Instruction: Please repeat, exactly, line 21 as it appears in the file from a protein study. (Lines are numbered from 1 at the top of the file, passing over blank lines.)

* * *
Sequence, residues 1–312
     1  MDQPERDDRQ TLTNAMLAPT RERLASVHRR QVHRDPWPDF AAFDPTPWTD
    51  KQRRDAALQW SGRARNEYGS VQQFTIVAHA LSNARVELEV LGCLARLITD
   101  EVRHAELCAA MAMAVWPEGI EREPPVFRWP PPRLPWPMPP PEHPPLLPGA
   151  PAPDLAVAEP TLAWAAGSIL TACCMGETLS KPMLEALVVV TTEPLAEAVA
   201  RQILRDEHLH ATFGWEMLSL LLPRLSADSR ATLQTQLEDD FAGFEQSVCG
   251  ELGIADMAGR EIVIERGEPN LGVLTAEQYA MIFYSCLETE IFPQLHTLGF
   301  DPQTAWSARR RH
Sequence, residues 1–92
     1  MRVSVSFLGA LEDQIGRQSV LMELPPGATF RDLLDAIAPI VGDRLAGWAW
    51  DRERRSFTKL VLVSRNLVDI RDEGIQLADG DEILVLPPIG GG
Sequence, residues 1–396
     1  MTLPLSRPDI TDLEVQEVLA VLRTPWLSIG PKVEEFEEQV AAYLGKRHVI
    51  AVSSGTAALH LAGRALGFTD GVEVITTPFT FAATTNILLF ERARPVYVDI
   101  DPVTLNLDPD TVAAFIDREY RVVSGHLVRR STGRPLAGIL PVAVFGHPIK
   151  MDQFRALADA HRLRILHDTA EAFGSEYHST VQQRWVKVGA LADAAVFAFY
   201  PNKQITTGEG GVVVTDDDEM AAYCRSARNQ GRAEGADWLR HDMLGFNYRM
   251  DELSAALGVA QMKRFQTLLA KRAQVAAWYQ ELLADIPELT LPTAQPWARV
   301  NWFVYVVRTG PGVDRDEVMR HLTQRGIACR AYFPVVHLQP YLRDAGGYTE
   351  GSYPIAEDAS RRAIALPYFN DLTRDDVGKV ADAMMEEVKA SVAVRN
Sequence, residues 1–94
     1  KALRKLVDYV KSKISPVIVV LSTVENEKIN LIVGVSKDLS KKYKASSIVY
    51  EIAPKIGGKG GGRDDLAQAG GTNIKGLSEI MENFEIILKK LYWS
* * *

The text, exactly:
Sequence, residues 1–94